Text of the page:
Hunter's Hope Hero
Jacob and Luke's Story

Jacob and Luke’s Story

Jacob and Luke are happy and loving little boys. Jacob (9) enjoys Disney and Pixar movies while Luke (6) is still a fan of Sesame Street. With their Dad’s help, they adore rolling on the floor and “pretend” wrestling. Listening to books read aloud to them and snuggling are right up there of “favorite things to do”. Of course, they love spending time with their grandparents, too. The boys are very socially engaged with the people in their lives and have amazing senses of humor. They are full of giggles, laughs, and smiles despite the tremendous challenges of their disease.

In 2019, Jacob and Luke were diagnosed with an ULTRA rare Leukodystrophy, which is caused by a genetic variant on the DEGS1 gene. Essentially, they have a metabolic disease that prevents their bodies from producing sufficient ceremide. The deficiency interferes with normal development of myelin in their brains. Myelin is the coating on the “wires” in your brain that allow messages to be sent efficiently. For Jacob and Luke, the most obvious and drastic impact of their disease is on their motor function. Motor function impacts everything in life. They cannot sit, stand, walk or talk. They are in wheelchairs that others have to navigate for them. The motor function impacts their ability to swallow so they receive all of their nutrition via G-Tube feedings. The boys have historically had tremendous struggles with vomiting and stomach aches. We have tried many different foods and formulas. Jacob is doing much better from a gastrointestinal standpoint. We are still working on Luke. The boys are intelligent and very socially expressive despite being nonverbal. It appears that they are trapped in their bodies due to the disease’s impact on their motor function. Jacob and Luke also suffer from status seizures that occur during sleep. In the past, the seizures always required two ambulance rides and a hospital stay at Children’s Hospital. Recently we have found an emergency medication which has been much more successful in stopping the seizures at home which has reduced the emergency room visits and hospital stays, not to mention the length of the life-threatening status seizures.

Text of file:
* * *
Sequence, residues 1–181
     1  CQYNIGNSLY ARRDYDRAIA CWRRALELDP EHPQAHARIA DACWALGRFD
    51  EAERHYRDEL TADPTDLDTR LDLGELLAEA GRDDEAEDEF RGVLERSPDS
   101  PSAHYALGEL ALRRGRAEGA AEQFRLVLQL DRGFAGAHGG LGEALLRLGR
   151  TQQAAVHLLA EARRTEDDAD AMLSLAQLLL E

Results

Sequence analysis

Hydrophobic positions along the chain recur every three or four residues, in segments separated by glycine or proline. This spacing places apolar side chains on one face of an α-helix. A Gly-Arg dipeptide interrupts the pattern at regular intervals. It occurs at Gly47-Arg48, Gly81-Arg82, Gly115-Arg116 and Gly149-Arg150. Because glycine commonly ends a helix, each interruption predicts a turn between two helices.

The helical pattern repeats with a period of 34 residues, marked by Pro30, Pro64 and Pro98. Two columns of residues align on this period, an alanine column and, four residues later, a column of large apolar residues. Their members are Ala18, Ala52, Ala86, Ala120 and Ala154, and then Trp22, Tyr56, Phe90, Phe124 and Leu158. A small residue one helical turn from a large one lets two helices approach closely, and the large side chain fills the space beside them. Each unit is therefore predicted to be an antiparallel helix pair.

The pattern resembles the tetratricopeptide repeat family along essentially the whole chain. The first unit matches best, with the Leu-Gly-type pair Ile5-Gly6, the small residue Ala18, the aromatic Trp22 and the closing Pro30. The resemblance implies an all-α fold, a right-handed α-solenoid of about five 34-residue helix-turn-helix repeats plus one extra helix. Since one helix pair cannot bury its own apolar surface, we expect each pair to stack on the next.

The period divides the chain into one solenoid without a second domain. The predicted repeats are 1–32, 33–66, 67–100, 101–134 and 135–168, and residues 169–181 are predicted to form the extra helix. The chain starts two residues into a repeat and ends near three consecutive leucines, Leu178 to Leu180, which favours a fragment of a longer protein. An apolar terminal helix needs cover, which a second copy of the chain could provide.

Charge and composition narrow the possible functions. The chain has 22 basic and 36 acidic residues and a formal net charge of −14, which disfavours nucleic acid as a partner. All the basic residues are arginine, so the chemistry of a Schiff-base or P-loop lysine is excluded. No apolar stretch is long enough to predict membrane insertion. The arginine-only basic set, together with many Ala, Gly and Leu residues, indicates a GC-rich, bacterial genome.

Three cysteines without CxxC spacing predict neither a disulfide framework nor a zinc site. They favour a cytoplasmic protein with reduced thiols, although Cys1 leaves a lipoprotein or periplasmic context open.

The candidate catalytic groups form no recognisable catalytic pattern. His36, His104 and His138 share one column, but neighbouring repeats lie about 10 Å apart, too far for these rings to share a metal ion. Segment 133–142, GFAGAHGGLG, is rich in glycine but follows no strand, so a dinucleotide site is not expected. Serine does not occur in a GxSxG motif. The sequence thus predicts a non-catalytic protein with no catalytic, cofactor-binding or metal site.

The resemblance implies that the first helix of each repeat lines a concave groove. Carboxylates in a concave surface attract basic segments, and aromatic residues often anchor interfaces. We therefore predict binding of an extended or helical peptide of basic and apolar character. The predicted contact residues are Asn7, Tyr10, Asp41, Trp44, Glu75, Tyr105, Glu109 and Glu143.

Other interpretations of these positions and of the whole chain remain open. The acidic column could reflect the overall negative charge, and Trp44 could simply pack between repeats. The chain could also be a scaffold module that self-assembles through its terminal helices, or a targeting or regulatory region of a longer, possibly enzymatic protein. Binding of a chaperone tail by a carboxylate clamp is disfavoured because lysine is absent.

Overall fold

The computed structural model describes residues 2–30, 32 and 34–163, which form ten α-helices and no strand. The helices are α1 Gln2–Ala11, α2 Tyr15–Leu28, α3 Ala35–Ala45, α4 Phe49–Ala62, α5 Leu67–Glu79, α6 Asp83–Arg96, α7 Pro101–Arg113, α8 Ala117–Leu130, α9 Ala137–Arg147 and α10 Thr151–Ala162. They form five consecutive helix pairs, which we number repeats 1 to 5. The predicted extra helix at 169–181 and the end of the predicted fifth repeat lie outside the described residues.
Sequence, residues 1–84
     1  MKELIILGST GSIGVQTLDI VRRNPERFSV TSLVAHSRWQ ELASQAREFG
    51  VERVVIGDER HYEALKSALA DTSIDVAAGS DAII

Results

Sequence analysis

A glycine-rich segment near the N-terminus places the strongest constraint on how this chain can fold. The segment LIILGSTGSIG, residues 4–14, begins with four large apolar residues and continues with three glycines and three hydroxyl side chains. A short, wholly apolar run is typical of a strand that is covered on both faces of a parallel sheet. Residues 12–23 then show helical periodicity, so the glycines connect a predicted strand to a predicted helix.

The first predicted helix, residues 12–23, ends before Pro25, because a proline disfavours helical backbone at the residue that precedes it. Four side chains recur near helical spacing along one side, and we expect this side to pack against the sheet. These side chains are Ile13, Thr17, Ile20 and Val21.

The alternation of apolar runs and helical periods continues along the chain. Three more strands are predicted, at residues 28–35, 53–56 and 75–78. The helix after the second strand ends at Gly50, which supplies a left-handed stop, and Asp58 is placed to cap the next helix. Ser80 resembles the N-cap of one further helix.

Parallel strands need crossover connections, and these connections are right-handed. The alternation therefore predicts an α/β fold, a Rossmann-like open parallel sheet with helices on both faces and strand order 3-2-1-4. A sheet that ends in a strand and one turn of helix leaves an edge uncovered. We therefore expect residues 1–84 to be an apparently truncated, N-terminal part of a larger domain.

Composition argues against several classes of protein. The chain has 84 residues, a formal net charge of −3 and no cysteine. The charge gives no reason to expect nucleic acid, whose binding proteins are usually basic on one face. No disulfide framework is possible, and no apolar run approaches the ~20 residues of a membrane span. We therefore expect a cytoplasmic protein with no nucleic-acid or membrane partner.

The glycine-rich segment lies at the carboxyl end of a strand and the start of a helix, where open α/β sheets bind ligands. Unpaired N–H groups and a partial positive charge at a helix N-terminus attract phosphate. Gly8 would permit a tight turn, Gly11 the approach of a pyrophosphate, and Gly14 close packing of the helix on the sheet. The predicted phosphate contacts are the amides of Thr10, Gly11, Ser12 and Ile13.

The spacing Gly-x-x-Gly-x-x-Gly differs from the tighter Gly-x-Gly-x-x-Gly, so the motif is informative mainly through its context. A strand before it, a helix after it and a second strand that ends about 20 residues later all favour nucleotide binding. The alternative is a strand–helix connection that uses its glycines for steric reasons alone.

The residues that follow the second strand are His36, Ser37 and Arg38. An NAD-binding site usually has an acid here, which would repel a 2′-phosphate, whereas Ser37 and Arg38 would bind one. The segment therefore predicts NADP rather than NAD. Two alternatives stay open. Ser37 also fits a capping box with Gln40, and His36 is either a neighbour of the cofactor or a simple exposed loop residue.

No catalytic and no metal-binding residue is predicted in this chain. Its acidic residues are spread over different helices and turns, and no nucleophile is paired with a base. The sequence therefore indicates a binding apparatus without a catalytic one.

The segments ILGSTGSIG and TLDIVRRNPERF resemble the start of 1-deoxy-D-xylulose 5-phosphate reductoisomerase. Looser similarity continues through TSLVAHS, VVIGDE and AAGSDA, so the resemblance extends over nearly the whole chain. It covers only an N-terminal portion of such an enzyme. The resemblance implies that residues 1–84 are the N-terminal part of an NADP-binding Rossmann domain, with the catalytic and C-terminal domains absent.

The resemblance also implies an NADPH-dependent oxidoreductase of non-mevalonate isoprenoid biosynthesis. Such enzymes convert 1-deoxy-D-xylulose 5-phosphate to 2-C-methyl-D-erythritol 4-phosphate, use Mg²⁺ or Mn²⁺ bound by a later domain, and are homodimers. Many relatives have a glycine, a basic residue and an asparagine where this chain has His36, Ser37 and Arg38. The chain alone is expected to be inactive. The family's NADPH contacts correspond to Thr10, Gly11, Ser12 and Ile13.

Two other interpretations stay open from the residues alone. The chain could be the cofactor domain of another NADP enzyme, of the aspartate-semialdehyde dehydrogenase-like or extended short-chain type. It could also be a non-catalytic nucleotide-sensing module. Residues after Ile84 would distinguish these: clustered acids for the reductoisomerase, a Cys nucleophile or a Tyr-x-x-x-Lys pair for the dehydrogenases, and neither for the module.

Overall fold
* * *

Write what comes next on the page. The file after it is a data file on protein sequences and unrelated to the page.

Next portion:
Prior to 2019, my husband and I were on a painful rollercoaster ride trying to find a diagnosis for the elusive disease that Jacob and Luke have. When Jacob was born, he had no signs of his disease. I had a healthy full-term pregnancy and his apgar scores were excellent at birth. Looking back now, we might see things differently because Jacob had feeding difficulties, that never improved no matter what we did.

At two and one-half months old, we noticed nystagmus in Jacob’s eyes. We were referred to a pediatric ophthalmologist who diagnosed him with albinism and informed us that he would be blind. Jared and I were shocked and heartbroken. This was the first of many possible diagnoses that turned out to be incorrect. Please know when I say incorrect, I am not discrediting our wonderful specialists and medical care providers as many times their “diagnosis” accurately reflected the clinical presentation of Jacob and Luke’s symptoms.  The boys are fair skinned, blond and have beautiful blue eyes and pale retinas (all features which would clinically indicate albinism). Jacob and Luke’s skin, hair and retinas have developed more pigment over time and we are very thankful that their vision is much better than expected. Jacob was tested for all the known types of albinism and related syndromes. Test after test after test came back normal.